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Food Safety at Home: Guidelines for Caregivers

Health practitioner with senior woman
Caring for Elderly Family Members: How to Lay Out a Loving Plan
October 16, 2019

Food Safety at Home: Guidelines for Caregivers

older couple smiling and eating

When we eat, our stomach acid and immune systems work to destroy the bacteria we consume.

However, because seniors often have lowered immune system functions, they can be more susceptible to the bacteria and viruses present in contaminated food. In addition, lifelong diseases and illnesses can further compromise seniors’ ability to withstand problematic foodborne bacteria.

As a result, it’s crucial to take precautions when cooking, preparing, or serving food to seniors. By practicing food safety for seniors, you can mitigate the threats of contamination and bacteria and help keep your loved ones safe!

How to Be Food Safe & Prevent Foodborne Illness

Thankfully, many of the same principles for food safety at home also apply when serving food to seniors. While you might have to take extra steps and scrutinize food more closely when cooking or serving seniors, it’s worth going the extra distance to protect their health.

  • Separate raw meats from other non-raw ingredients when prepping and use separate cooking boards, utensils, pots, pans, etc. to avoid cross-contamination
  • Regularly clean kitchen surfaces (countertops, pantry doors, tables, etc.) with a suitably potent cleanser to reduce the presence of bacteria
  • Thoroughly wash your hands before, during, and after cooking, handling raw meats, and serving food (especially after coughing or sneezing) to reduce the likelihood of contamination
  • Verify food temperatures using a food thermometer to ensure food is thoroughly cooked to a suitable temperature and safe to eat. Many people often overlook this food safety at home technique — don’t make the same mistake!
  • Date ingredients and leftovers to ensure foodstuffs remain fresh. Make sure to regularly dispose of expired items. If you suspect leftover food or ingredients are expired, throw them out!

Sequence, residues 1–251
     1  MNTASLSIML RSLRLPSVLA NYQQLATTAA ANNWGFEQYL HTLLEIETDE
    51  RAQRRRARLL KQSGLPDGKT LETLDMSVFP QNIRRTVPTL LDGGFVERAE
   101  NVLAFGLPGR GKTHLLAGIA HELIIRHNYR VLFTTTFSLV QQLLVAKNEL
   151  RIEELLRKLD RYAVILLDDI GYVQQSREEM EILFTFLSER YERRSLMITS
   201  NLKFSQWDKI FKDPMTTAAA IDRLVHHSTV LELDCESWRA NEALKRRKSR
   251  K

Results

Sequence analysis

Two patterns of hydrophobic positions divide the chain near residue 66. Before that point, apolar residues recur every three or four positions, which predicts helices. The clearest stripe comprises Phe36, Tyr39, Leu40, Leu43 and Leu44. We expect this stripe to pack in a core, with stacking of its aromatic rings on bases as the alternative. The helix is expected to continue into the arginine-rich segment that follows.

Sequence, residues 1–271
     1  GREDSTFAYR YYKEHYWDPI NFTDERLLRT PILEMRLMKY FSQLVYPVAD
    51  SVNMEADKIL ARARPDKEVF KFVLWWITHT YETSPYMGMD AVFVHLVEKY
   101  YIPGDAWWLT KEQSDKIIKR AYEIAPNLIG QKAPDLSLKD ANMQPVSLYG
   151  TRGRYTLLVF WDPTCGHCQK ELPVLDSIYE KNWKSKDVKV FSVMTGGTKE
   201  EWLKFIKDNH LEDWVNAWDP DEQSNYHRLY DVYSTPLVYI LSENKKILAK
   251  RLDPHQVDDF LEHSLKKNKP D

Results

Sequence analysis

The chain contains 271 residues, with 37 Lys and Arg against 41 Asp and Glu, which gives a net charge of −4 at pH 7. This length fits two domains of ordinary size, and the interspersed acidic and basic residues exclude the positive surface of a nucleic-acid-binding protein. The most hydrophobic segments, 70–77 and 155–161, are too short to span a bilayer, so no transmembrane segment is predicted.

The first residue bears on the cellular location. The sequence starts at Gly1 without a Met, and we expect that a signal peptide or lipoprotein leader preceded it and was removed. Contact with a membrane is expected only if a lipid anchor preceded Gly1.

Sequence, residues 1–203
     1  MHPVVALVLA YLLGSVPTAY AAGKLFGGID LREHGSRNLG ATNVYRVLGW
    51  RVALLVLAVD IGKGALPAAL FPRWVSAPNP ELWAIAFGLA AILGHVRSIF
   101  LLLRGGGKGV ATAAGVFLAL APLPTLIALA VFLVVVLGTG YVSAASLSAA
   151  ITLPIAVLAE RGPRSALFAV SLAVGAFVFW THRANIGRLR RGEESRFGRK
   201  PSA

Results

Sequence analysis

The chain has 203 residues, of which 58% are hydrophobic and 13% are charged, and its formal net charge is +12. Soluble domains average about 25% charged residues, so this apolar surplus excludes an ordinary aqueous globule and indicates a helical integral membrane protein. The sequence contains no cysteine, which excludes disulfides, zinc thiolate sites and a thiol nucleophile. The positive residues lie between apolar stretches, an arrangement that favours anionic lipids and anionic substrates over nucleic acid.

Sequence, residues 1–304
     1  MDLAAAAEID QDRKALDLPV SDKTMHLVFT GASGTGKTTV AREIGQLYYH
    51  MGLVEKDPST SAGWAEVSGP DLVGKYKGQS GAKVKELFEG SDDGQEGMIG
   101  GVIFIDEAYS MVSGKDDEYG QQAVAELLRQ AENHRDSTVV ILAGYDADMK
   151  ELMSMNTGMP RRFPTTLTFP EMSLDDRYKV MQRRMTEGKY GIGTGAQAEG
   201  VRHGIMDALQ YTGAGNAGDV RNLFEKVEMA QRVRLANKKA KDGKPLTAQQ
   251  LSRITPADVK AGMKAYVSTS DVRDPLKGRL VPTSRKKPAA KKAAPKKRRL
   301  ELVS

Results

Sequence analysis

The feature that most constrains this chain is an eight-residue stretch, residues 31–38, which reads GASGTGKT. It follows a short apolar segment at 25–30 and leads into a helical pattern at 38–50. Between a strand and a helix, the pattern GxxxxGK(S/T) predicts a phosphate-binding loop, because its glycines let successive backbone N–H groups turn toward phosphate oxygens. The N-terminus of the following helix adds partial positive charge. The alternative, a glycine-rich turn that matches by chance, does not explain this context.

• Wash and scrub fresh produce to remove dirt, bacteria, and contaminants before food prep or cooking
  • Monitor freezer and refrigerator temperatures to ensure that they’re set at the correct levels. Sometimes, self-assessed freezer/refrigerator temps can be inaccurate, so check with an internal thermometer to confirm the accuracy of these readings

Food Safety for Seniors: The Risks

elderly women smiling and eating

With age, we experience a number of bodily changes that can affect our digestive health and necessitate heightened food safety measures at home. Unfortunately, these changes also make the elderly especially susceptible to foodborne illness. Some of them include:

  • Weakened stomach acid which can reduce the quality of food digestion
  • Slowed movement through the intestinal tract, which increases digestion time
  • Decreased efficiency of the kidneys and liver which diminishes our ability to eliminate toxins from food
  • Lowered immune system function which jeopardizes our body’s ability to detect and destroy bacteria and pathogens

Because of these complications, the symptoms of foodborne illnesses in seniors can be much more severe. As a result, it’s essential to go the extra mile and practice proper food safety at home when serving seniors — trust us, their stomachs (and hearts) will thank you!

To learn more about our food safety standards for seniors, contact us at 1Heart Caregivers today.

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